In terms of age, the youngest age groups reported the highest levels of drug use in the last year and in the last month compared with other age groups and prevalence decreased steadily with age:

  • 16-24 year olds reported the highest levels of use in the last year (20.2%), decreasing to 11.1% of those aged 25-44, 2.2% of 45-59 year olds and 0.2% of those aged 60 or older;
  • In the last month, 11.7% of 16-24 year olds reported using illicit drugs decreasing to 7.0% of 25-44 year olds, 1.0% of 45-59 year olds and 0.1% of those aged 60 or over.

However, as Figure 2.9 shows, a similar percentage of 16-24 year olds (38.2%) reported having used illicit drugs at some point in their lives as did 25-44 year olds (41.9%), reflecting drug use in the past among these older adults. Reported use of illicit drugs in the last year and in the last month was higher for 16-24 year olds (20.2% and 11.7% respectively) than for 25-44 year olds (11.1% and 7.0% respectively).

Figure 2.9: Variation in drug use ever, in the last year and last month among adults aged 16 or over by age
SCJS 2009/10.
Base: Adults aged 16 or over (adults 13,409; 16-24 1,156; 25-44 4,111; 45-59 3,547; 60+ 4,591).
Variable name: QEVE; Q12M; Q1M.

Figure 2.9: Variation in drug use ever, in the last year and last month among adults aged 16 or over by age

Those aged 25-44 were most likely to have ever used opiates, psychedelics, Class A or Class B drugs, though in the last year the younger age group (16-24 year olds) were more likely to report using all of these, with the exception of opiates (see Tables A1.5 and A1.6 in Annex 1).

2.6.3 Variation by gender and age

Examining drug use in the last year by gender within age shows a consistent pattern, with men in all age cohorts more likely to report using drugs, and a clear association between age and likelihood of use (Figure 2.10).

Figure 2.10: Variation in drug use in the last year among adults aged 16 or over of different age groups by gender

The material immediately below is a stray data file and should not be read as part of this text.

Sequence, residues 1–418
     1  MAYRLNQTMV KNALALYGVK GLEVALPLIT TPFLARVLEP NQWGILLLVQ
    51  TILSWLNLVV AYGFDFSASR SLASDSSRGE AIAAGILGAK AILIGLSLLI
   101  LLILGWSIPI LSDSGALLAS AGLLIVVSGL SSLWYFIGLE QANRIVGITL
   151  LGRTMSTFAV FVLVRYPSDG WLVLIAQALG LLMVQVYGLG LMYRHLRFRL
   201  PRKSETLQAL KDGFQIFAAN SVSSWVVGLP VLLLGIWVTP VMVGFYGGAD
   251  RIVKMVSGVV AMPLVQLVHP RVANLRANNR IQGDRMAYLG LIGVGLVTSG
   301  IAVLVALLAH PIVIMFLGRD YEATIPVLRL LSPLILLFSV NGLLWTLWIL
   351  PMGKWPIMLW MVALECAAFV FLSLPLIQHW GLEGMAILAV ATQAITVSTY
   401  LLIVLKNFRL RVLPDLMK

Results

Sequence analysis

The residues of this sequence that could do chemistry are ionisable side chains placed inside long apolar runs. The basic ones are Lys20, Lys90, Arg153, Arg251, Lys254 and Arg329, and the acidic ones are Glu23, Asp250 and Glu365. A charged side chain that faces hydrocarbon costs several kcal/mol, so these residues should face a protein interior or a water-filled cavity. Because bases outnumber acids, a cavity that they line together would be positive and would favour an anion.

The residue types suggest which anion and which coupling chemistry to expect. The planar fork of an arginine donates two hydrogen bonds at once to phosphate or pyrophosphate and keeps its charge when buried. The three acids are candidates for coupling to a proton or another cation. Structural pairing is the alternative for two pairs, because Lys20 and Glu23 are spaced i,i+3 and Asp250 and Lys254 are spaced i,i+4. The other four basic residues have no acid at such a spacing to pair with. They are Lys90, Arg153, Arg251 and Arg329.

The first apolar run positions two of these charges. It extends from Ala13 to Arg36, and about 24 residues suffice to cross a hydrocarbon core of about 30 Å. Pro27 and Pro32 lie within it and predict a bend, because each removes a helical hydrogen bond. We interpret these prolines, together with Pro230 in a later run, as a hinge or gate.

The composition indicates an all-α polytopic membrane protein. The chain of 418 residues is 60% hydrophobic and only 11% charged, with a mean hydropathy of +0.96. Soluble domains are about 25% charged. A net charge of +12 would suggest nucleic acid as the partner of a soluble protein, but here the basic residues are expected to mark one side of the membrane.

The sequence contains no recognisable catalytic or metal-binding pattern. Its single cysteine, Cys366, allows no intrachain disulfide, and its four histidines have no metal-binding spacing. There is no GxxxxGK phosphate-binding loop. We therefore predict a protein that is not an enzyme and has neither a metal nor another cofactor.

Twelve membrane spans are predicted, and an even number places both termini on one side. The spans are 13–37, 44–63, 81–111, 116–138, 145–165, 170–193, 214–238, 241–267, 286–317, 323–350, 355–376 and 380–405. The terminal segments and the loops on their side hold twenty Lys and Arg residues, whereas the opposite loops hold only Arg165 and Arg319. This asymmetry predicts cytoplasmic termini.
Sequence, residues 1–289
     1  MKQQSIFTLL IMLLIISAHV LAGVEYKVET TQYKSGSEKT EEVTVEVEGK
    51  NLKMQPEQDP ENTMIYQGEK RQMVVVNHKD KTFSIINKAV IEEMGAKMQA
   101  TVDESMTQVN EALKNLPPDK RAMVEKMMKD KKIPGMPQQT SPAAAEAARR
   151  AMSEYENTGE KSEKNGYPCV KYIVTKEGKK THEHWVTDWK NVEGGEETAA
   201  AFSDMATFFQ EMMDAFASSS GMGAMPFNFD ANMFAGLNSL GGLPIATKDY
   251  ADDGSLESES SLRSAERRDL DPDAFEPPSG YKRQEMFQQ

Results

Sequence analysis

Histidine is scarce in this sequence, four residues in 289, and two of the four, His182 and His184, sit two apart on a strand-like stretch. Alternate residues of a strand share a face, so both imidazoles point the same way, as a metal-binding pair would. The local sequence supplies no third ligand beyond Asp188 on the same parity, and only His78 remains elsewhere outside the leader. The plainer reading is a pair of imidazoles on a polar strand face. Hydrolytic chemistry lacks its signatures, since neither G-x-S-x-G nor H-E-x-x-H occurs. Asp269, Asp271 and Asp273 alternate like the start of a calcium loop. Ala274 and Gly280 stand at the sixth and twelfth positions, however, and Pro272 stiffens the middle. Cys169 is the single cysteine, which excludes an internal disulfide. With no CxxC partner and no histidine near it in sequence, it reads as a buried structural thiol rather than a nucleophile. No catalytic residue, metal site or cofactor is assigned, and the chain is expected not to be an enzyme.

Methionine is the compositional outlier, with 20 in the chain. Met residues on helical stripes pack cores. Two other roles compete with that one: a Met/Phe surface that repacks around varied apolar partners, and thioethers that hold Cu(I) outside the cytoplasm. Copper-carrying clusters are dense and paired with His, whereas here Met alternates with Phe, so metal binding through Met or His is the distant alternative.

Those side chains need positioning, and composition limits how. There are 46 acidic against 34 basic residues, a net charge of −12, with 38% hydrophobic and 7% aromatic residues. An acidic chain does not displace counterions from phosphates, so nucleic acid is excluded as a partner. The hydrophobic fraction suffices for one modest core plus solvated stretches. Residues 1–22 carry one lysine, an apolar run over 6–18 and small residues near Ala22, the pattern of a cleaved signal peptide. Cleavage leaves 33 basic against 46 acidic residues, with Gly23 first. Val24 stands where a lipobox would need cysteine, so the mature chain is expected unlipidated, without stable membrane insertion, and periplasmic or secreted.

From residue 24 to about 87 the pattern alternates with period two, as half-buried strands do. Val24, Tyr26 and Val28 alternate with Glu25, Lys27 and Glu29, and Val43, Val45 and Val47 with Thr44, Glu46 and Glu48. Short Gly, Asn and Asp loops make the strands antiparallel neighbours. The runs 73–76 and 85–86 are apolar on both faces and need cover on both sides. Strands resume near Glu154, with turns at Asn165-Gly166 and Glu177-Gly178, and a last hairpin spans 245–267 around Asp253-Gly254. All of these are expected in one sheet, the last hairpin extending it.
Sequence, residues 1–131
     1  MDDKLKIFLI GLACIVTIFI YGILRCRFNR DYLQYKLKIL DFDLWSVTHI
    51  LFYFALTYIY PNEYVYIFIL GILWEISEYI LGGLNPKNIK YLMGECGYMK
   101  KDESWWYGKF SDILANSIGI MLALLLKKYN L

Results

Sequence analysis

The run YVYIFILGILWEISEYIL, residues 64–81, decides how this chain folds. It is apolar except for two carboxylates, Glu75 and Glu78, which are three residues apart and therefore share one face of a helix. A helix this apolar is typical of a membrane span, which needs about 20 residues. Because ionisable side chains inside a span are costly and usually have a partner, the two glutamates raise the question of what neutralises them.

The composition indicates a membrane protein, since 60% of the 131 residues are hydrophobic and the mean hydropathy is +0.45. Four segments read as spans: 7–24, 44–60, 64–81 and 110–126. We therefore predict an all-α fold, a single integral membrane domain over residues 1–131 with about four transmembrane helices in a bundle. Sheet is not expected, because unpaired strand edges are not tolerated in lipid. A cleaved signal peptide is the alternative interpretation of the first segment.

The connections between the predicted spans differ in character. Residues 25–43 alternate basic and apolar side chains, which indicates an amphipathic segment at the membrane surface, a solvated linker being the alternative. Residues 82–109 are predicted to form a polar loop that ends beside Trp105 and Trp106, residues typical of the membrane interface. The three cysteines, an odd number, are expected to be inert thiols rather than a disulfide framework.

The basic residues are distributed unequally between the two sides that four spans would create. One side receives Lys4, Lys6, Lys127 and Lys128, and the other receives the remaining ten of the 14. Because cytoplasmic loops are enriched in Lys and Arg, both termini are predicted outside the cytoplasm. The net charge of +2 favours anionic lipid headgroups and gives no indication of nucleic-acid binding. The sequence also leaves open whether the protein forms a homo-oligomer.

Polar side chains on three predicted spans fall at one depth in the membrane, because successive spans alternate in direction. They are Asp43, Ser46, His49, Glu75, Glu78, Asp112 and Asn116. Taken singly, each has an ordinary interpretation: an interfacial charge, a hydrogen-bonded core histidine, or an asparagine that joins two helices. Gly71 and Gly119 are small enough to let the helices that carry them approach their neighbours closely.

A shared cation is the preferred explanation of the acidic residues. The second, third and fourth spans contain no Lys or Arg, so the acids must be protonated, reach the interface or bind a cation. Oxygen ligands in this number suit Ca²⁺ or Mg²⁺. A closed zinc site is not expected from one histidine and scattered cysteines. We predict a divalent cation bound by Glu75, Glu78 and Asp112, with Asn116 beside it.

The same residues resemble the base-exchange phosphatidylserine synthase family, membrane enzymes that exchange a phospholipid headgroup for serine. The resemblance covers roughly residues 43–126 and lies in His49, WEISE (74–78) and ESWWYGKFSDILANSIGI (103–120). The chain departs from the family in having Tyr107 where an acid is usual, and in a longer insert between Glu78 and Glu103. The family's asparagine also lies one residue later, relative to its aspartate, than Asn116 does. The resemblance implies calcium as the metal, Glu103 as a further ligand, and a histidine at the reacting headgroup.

SCJS 2009/10.
Base: Adults aged 16 or over in each age range / by gender within each age range (ranging from adults aged 25-44 4,111, to males aged 16-24 518). 21
Variable name: Q12M.

Figure 2.10: Variation in drug use in the last year among adults aged 16 or over of different age groups by gender

2.6.4 Variation in drug use by other factors

Variation in drug use in the last year among adults aged 16 or over was also investigated by other socio-economic, experiential and area factors. The fact that an association is identified between these factors and drug taking does not imply that one causes the other. Associations were investigated as simple one-to-one relationships rather than more complex statistical ones that take into account links between factors that might be identified through statistical modelling. 22

Factors where differences in drug use between sub-groups were identified included self-reported experience of being a victim of crime as measured by the SCJS 2009/10; socio-economic classification, as measured by Office for National Statistics Socio-Economic Classification ( NS- SEC); 23 tenure; area deprivation 24 and urban rural classification. 25

Associations identified that were statistically significant included:

  • Victims of crime as measured by the SCJS 2009/10 were significantly more likely than average to report using illicit drugs in the last year (13.8% compared with 5.6% among non-victims);